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We have a lot of mosquitoes, especially near the pond. With the recent concern over the Zika virus, what can I do to fix this? | Ponds & Lakes Q&A

Q: We have a lot of mosquitoes, especially near the pond. With the recent concern over the Zika virus, what can I do to fix this?

Q: We have a lot of mosquitoes, especially near the pond. With the recent concern over the Zika virus, what can I do to fix this?

Kym – Lake Butler, FL

A: Your concern is justified. According to the CDC, mosquitoes – specifically the Aedes species (Ae. Aegypti and Ae. Albopictus) – are one of the main transmitters of the Zika virus. The bite of an infected mosquito can cause fever, rash, joint pain, conjunctivitis and other unpleasant side effects.

Mosquitoes should be eradicated from your property – and here are six ways to decimate their population.

  • Create Water Movement. Ever notice how mosquitoes avoid moving water as much as possible? This is because the movement isn’t conducive to their life cycle. A female mosquito lays her eggs in stagnant water that’s full of nutritious algae, plankton, fungi and bacteria. When the eggs hatch, the larvae and pupae thrive and grow, developing into adult mosquitoes that perpetuate the population. Stop that cycle with aeration. The water movement created by the pumped-in oxygen creates an inhospitable environment for the mosquitoes while promoting your pond’s overall health.
  • Check for Standing Water. An old tire, ceramic flower pot, cracked bucket – mosquitoes aren’t particular about the vessel of standing water they use to lay their eggs. If it holds stagnant water and contains some type of food source, it’s fair game. The CDC recommends a once-a-week check for standing water around your property. Empty containers, scrub them clean, and turn them over or cover them to reduce your overall mosquito population.
  • Eliminate Food Source. Developing larvae and pupae need algae to fuel their rapid growth to adulthood, and so another way to reduce their population is to reduce their food source. In your pond or lake, use algaecide to remove suspended plant matter and muck reducers to break down detritus on the bottom of your pond.
  • Trim Shoreline Vegetation.  Unlike their developing larvae, adult mosquitoes live in the plants and vegetation along the pond’s shoreline. Evict those pests by clearing out and trimming back grasses and aquatic weeds. Use some herbicide to kill aquatic weeds and grasses, and use weed removal tools, like a weed cutter, rake and debris skimmer, and remove the dead plants and overgrowth.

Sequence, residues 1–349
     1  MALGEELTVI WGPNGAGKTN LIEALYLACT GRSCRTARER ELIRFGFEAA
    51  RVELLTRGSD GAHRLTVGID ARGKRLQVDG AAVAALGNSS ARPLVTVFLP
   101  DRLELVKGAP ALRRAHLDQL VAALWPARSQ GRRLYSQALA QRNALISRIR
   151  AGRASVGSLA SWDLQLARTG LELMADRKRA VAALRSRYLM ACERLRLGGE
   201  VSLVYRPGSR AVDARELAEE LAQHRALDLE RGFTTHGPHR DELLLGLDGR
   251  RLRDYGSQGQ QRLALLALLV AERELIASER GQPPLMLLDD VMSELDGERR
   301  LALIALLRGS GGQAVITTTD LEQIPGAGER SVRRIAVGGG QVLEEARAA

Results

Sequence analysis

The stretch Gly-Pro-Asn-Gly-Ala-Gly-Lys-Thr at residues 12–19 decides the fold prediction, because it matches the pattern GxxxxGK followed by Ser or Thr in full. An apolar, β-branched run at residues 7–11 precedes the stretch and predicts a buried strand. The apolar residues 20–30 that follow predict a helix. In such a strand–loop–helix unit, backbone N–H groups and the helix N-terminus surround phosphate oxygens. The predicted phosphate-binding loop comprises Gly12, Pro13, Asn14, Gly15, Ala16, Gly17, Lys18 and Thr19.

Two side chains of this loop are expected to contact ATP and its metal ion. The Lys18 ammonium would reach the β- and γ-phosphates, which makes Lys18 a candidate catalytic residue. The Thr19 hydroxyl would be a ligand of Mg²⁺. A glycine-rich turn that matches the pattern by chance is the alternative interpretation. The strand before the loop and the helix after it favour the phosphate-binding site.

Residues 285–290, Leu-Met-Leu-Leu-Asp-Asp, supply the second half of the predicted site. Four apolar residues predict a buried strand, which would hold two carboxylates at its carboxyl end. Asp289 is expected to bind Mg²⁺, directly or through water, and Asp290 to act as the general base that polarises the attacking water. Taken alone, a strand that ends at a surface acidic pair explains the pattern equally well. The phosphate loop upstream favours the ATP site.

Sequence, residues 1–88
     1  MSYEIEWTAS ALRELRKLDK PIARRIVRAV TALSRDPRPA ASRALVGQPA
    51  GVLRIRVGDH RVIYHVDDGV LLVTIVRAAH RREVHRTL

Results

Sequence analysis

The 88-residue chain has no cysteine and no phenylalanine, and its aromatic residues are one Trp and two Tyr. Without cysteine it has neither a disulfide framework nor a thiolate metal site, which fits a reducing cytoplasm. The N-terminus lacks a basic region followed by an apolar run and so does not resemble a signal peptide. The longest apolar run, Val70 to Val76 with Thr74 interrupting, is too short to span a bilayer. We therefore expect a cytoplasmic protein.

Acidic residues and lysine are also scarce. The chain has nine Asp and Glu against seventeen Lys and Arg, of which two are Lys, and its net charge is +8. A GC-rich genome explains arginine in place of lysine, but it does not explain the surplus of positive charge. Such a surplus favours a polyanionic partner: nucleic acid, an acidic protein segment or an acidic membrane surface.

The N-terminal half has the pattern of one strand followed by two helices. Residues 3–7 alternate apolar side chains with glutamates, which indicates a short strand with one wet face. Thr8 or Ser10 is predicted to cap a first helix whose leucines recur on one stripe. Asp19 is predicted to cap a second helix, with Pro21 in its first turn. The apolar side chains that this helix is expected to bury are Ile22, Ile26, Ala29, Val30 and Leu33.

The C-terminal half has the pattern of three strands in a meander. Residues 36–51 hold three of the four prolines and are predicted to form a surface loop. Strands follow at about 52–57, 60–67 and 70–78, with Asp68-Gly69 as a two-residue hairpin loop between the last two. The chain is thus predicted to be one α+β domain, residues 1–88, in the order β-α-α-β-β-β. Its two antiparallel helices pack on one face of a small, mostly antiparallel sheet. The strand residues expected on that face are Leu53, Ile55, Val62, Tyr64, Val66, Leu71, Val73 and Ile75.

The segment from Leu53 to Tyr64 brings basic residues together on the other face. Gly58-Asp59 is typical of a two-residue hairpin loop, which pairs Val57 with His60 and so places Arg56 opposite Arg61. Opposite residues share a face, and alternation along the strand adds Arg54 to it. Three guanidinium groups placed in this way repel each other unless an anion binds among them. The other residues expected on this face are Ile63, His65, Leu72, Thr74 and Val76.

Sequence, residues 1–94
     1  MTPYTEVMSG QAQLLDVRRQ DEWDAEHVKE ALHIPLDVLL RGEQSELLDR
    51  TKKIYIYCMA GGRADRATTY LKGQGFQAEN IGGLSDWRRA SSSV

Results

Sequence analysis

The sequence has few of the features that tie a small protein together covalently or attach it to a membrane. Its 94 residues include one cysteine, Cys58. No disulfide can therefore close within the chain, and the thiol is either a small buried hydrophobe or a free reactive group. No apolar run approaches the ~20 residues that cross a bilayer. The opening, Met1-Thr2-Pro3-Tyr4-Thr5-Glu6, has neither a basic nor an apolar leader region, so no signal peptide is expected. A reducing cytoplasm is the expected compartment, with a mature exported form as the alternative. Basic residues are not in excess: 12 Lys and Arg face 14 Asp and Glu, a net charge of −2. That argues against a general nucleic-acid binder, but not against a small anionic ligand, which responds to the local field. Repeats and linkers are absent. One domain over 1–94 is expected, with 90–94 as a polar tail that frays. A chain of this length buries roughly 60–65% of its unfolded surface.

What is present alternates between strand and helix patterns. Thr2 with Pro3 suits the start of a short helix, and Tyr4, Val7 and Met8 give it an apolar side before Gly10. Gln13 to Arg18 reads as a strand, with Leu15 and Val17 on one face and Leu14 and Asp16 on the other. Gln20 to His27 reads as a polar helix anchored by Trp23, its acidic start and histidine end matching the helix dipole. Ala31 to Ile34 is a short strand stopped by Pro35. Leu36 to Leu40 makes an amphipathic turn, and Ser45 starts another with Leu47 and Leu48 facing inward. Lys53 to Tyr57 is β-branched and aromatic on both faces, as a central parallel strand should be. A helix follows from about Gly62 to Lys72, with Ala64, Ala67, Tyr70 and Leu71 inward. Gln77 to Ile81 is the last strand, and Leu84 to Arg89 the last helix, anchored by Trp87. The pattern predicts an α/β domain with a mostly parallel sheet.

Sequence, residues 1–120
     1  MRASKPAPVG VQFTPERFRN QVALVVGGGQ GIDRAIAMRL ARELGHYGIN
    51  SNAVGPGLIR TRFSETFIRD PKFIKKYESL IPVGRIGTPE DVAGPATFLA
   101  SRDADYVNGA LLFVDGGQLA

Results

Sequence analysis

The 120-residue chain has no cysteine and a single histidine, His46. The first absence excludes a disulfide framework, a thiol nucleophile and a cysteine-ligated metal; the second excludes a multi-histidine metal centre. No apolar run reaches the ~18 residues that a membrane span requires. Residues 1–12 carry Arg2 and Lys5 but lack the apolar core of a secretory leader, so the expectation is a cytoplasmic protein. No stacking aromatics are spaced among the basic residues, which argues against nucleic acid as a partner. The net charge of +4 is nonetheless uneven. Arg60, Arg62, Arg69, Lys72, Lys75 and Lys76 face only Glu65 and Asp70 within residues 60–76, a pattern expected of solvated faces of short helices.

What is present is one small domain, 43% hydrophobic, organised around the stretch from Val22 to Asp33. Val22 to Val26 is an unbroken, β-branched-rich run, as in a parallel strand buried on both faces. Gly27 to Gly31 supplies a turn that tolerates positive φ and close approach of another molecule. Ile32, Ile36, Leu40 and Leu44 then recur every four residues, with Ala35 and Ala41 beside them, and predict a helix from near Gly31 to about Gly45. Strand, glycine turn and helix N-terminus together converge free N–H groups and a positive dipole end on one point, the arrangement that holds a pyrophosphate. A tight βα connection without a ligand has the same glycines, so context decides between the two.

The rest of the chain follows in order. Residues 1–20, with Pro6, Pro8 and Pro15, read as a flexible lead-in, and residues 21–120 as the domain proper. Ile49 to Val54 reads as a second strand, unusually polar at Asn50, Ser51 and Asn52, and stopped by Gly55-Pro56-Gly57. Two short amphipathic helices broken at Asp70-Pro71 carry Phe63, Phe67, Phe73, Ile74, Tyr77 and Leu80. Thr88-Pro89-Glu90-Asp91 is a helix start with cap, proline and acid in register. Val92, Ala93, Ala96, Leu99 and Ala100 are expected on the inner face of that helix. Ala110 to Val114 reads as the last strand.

• Boost Fish Population.  Fish and other mosquito-eating pond life, like tadpoles, minnow, bass, bluegill and catfish, love gobbling those mosquito larvae and pupae. If you don’t already have a fish population living in your lake, consider adding some! The American Mosquito Control Association, in fact, recommends adding predacious minnows or native fish to lakes and ponds for biological control of the insects.
  • Keep Unused Standing Water Bug-Free.  Despite your best efforts, it can be impossible to completely eradicate mosquitoes in places with standing water – like around a pond or lake. Likewise, vessels like stored rainwater, water troughs and even bird feeders can become a breeding ground for mosquitoes. So what can you do? Consider mosquito dunks or bits. These handy little disks or bits contain a specially formulated biological pesticide designed to kill mosquito larvae. You simply toss them in unused bodies of water and let them go to work.

Zika and other mosquito-borne diseases are a real concern. Plus, all that buzzing can be annoying when you’re trying to enjoy your pond or lake during the warm days of summer. Use these tips to keep your yard mosquito-free – and your family and friends happy and healthy.

Pond Talk: Have you stocked your pond with mosquito-eating fish? If so, what types?

Keep Your Pond Water Moving - Airmax(r) Aeration Systems

I’ve tried sprays and other types of bug control. Is there anything else I can do to reduce the mosquitoes by my pond? | Ponds & Lakes Q&A